Little room on Pirates’ roster for shortstop Kang Jung-ho without trades

December 24, 2014
Nexen Heroes Kang Jung Ho. (Mike Janes/Four Seam Images via AP Images)

Nexen Heroes Kang Jung Ho. (Mike Janes/Four Seam Images via AP Images)

SEOUL (Yonhap) — Of the 30 Major League Baseball (MLB) clubs, the Pittsburgh Pirates seemed one of the least likely teams to put in a bid when the South Korean shortstop Kang Jung-ho was posted earlier this month.

For one, their infield appeared set for next season with players still in or entering their primes in their late 20s. And the Pirates had one of the smallest payrolls in MLB in 2014, ranking 27th with US$78.1 million. Bidding millions of dollars just to have the rights to talk to an international player with no big league experience, and then potentially committing more millions of dollars to that player in a multiyear contract seemed to be the last thing the Pirates would do.

Not only did the Pirates submit a bid for Kang, they emerged on Tuesday as the surprise winner of the silent auction, with $5,002,015. The Pirates have until Jan. 20 to try to reach an agreement with the 27-year-old slugger from the Korea Baseball Organization (KBO) who batted .356 with 40 home runs, 117 RBIs and a 1.198 on-base plus slugging percentage (OPS) this year for the Nexen Heroes.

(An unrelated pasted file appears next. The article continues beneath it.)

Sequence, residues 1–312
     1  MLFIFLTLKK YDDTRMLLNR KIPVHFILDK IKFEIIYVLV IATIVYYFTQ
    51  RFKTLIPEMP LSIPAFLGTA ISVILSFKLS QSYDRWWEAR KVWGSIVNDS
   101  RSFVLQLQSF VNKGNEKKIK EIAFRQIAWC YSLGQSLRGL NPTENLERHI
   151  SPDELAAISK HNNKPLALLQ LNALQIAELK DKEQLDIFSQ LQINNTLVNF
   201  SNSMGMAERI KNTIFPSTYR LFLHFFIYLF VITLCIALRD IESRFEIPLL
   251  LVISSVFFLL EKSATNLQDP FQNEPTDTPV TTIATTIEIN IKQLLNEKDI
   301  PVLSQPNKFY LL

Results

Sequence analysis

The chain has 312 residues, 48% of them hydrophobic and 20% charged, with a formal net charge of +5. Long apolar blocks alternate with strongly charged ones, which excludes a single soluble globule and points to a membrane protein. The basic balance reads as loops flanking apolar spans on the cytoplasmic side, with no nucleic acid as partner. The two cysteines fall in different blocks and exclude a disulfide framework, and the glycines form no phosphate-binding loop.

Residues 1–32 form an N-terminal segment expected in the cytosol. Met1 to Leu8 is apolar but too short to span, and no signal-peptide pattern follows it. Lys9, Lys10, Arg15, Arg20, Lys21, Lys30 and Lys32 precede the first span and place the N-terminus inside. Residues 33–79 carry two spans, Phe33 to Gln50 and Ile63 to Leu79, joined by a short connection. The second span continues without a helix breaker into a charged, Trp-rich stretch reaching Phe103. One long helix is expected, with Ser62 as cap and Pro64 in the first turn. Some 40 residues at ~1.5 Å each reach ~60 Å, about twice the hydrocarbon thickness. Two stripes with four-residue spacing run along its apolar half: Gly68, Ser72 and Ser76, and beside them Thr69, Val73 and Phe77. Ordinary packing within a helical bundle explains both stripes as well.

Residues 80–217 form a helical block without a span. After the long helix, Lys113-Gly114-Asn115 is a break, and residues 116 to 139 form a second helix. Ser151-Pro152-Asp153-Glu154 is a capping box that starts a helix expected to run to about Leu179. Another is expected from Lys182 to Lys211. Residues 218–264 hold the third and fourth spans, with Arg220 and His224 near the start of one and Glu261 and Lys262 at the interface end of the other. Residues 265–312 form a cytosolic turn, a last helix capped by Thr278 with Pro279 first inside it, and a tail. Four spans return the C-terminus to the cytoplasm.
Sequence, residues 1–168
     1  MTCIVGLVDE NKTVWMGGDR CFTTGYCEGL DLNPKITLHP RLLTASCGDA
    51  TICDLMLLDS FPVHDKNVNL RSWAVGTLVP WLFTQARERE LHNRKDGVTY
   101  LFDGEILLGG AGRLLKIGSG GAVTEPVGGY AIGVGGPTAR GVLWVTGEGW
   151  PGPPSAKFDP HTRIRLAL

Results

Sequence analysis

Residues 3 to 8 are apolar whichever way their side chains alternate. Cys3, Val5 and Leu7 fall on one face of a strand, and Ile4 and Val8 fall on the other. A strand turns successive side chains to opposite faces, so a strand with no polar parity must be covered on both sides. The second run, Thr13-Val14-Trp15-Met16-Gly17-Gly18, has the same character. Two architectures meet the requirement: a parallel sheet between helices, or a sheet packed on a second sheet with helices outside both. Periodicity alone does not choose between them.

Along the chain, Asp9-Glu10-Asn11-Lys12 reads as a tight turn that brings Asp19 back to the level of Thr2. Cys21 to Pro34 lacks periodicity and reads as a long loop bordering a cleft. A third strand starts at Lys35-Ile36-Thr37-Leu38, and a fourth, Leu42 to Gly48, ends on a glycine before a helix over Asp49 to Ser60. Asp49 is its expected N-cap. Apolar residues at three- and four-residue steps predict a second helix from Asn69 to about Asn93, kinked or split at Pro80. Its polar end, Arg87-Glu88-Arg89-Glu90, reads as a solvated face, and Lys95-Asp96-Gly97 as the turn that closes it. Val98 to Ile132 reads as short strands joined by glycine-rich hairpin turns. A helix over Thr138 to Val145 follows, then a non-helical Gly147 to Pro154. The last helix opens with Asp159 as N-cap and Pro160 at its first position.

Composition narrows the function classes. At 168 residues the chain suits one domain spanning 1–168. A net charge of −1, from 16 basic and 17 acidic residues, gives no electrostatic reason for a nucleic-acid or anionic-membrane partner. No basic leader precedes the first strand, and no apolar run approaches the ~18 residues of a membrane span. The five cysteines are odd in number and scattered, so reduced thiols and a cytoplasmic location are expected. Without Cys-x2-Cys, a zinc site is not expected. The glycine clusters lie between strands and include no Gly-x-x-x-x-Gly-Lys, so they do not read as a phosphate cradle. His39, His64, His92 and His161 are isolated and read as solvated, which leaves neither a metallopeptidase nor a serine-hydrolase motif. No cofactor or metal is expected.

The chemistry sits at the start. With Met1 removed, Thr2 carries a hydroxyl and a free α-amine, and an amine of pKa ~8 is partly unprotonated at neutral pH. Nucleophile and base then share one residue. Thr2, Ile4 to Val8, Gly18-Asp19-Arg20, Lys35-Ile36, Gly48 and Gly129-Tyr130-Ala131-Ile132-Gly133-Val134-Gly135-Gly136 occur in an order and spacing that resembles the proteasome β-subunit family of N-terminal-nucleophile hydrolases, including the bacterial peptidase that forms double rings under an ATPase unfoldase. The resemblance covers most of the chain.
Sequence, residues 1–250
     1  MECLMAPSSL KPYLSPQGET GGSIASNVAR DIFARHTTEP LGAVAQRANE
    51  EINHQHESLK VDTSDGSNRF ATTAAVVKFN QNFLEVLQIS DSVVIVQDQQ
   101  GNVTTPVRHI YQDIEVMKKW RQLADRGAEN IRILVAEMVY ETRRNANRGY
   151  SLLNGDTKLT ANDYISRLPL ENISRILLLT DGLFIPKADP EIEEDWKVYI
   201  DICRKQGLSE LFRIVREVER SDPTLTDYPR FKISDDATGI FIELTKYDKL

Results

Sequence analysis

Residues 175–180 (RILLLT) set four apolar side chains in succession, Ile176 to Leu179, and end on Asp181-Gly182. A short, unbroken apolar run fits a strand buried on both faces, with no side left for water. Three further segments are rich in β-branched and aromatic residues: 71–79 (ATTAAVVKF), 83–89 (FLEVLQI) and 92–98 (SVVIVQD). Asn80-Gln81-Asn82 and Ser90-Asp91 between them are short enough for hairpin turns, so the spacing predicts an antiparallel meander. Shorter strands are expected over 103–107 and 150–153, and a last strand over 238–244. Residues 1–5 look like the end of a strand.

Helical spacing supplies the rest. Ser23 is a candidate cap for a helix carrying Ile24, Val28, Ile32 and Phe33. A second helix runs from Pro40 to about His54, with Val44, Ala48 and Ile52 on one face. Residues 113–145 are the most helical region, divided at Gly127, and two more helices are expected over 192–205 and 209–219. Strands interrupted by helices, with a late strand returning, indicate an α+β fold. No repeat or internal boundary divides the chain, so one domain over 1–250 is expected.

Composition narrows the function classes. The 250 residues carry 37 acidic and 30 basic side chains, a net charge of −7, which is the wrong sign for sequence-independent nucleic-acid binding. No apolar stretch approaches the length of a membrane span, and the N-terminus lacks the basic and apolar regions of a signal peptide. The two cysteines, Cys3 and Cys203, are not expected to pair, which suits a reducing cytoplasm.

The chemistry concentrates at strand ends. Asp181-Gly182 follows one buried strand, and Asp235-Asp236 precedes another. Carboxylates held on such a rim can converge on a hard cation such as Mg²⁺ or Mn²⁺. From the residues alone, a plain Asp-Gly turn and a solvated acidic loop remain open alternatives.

Kang Jung-ho crop


There is obviously no guarantee that Kang, represented by veteran agent Alan Nero, will sign with the Pirates. And given the Bucs’ current roster, there is also no guarantee that Kang will have a spot in the everyday lineup for manager Clint Hurdle even if he joins the team with proven infielders.

Neil Walker, a Pittsburgh native, has been their regular second baseman since 2010 and has been putting up some solid offensive numbers. In 2014, he had 23 home runs and 76 RBIs, ranking second on the team in both categories behind center fielder Andrew McCutchen.

In his third big league season, shortstop Jordy Mercer established career-highs with 12 home runs and 55 RBIs, while also improving his defense.

The Pirates recently acquired Sean Rodriguez, who can play second, third, short and the outfield, as a potential backup to Mercer.

Elsewhere in the infield, third baseman Pedro Alvarez will move to first base after Ike Davis was dealt to the Oakland Athletics. Neal Huntington, the team’s general manager, has said utility man Josh Harrison will be the Pirates’ everyday third baseman in 2015. The versatile 27-year-old played in five different positions in 2014. Given Harrison’s offensive production — a .315 average, 13 home runs and 18 steals in 143 games this year — and strong defense, he appears to be a lock at the hot corner.

The Pirates’ depth chart seems to suggest Kang has no place in their infield, which begs the question: just where and how often will he play if he signs with the Pirates? Did they bid $5 million just so he could provide some depth on the bench?

After the Pirates won the bid for Kang, Mercer promptly emerged as a possible trade target. Though the 28-year-old set career-highs in power numbers, his batting average dipped 30 points from 2013 to .255. His on-base percentage went down from .336 to .305 and his slugging percentage fell from .435 to .387.